> using { class K, class V } std::pair<K const, V>& kv = *map.begin(); // or [k, v]?
> using { std::copyable T, auto I } std::array<T, I> arr = getArr();
> using { std::size_t... I } [[maybe_unused]] std::index_sequence<I...> seq = std::index_sequence_for<Args...>();
>> ------- Original Message -------
>> On Tuesday, September 27th, 2022 at 1:32 PM, Oleksandr Koval via Std-Proposals <std-proposals_at_[hidden]> wrote:
>>>> does need some significant real-world motivation
>>> Well, it's just syntactic sugar, not sure it needs strong motivation beyond that it makes some things simpler/shorter. I agree that it's not something I need often but sometimes it's useful.
>>>> needs some "review of literature" on prior proposals in the area
>>> I tried to google "c++ named auto" before posting and found nothing. I would never call it "in-place syntax" so chances to find Herb's proposal were extremely low.
>>> It's just an idea, I looked for some feedback and I got it here, thank you all for your opinions :)
>>> On Tue, Sep 27, 2022 at 6:07 PM Arthur O'Dwyer via Std-Proposals <std-proposals_at_[hidden]> wrote:
>>>> On Tue, Sep 27, 2022 at 10:03 AM Jason McKesson via Std-Proposals <std-proposals_at_[hidden]> wrote:
>>>>> On Tue, Sep 27, 2022 at 8:46 AM Oleksandr Koval via Std-Proposals <std-proposals_at_[hidden]> wrote:
>>>>>> Hi, C++20 introduced angle brackets for lambdas to simplify access to argument
>>>>>> types.
>>>>> That's not why it was done. It was done so that you could do things like this:
>>>>> []<typename T>(vector<T> const& x) {}
>>>>> [...]
>>>>> Overall, what you're proposing is a convenience feature, but it's not
>>>>> really all that necessary most of the time. Users already have the
>>>>> tools to assign a name for an auto-deduced variable's type if they
>>>>> need one. It may take a bit more text to do so [...]
>>>> Well, technically, users already had the tools to create a callable object with an operator()(vector<T> const&) const, if they needed one. ;) I think there's no problem with convenience features per se. However, Oleksandr's proposal:
>>>> (1) does need some significant real-world motivation [which I don't think will be forthcoming], and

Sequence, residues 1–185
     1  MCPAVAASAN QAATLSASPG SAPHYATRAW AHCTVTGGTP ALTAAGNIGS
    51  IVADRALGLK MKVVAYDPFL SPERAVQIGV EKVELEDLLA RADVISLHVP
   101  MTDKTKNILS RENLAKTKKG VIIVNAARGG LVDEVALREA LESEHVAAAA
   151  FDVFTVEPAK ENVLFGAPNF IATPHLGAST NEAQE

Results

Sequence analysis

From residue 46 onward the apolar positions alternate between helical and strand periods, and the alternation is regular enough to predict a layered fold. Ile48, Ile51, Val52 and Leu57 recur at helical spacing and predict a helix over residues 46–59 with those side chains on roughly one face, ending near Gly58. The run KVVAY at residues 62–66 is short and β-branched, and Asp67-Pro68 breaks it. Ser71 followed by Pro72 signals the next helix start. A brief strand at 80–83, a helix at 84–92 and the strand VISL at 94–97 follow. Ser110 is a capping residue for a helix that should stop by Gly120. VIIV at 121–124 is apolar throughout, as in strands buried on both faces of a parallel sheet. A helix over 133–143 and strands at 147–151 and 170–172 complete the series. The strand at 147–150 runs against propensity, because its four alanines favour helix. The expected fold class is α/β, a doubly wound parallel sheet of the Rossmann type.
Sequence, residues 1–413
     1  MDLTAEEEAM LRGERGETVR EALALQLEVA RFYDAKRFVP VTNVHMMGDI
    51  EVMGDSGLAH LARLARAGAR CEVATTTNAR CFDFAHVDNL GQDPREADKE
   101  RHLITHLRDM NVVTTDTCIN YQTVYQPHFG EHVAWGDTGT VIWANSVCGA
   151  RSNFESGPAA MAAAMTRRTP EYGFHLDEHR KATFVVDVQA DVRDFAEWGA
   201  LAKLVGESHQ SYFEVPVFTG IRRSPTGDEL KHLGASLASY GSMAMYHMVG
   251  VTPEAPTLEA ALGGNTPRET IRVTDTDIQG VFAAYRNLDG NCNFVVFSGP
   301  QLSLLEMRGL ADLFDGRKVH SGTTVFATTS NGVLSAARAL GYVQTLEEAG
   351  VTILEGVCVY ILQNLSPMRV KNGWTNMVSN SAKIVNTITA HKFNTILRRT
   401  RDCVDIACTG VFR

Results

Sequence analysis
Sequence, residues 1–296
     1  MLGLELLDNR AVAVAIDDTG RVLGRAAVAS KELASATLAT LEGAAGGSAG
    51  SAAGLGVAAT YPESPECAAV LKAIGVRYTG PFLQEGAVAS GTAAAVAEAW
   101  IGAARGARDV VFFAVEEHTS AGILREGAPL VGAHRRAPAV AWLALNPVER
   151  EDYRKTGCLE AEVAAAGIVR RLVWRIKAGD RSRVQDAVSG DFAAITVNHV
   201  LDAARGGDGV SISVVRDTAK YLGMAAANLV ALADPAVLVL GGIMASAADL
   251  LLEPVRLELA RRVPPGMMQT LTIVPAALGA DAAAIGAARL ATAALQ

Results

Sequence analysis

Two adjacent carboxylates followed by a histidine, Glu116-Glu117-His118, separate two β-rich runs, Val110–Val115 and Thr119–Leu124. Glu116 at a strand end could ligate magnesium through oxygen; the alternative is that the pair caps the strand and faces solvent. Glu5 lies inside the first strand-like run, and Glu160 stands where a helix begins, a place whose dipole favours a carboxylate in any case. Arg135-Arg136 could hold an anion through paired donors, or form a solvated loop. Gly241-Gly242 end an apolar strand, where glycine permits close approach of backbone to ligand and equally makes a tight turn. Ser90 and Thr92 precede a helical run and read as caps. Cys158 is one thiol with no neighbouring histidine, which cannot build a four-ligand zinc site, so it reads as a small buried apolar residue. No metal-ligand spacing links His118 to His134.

>>>> (2) needs some "review of literature" on prior proposals in the area. Specifically, this syntax seems extremely similar to Herb Sutter's "in-place syntax" proposed (but rejected) for C++20 Concepts: https://www.open-std.org/jtc1/sc22/wg21/docs/papers/2018/p0745r1.pdf
>>>> IIUC, Herb's "in-place syntax" proposal handled all of these situations:
>>>> template<class> concept True = true; // irrelevant naming bikeshed
>>>> True{T} auto v = GetValue();
>>>> const True{T} auto& v = GetRef();
>>>> void f(True{T} auto v); // same as `template<True T> void f(T v);`
>>>> but did not handle this:
>>>> void f(std::vector<True{T}> v); // could maybe be the same as `template<True T> void f(std::vector<T> v);`
>>>> because there's no template-sigil in that last case: no `template` keyword and also no `auto` keyword.
>>>> There's also the question of whether `auto<T>` looks enough like an introduction of the new name `T`. To me, it looks more like you're saying "instantiate something-figure-out-what with template argument T": vector<T>, list<T>, auto<T>. I think Herb's proposal was rejected partly (but probably not completely) because `Number{N}` didn't look much like an introduction of N (although it didn't look much like anything else either). At the time of Herb's proposal, the C++2a working draft did not yet include the "introducer" syntax `template<Number N> void f(N)` either, primarily (IIUC) because people didn't think it was unambiguous enough.
>>>> my $.02,
>>>> Arthur
>>>> --
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>>>> Std-Proposals_at_[hidden]
>>>> https://lists.isocpp.org/mailman/listinfo.cgi/std-proposals
>>> --
>>> Regards,
>>> Oleksandr Koval.
>> --
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Received on 2022-09-27 19:56:52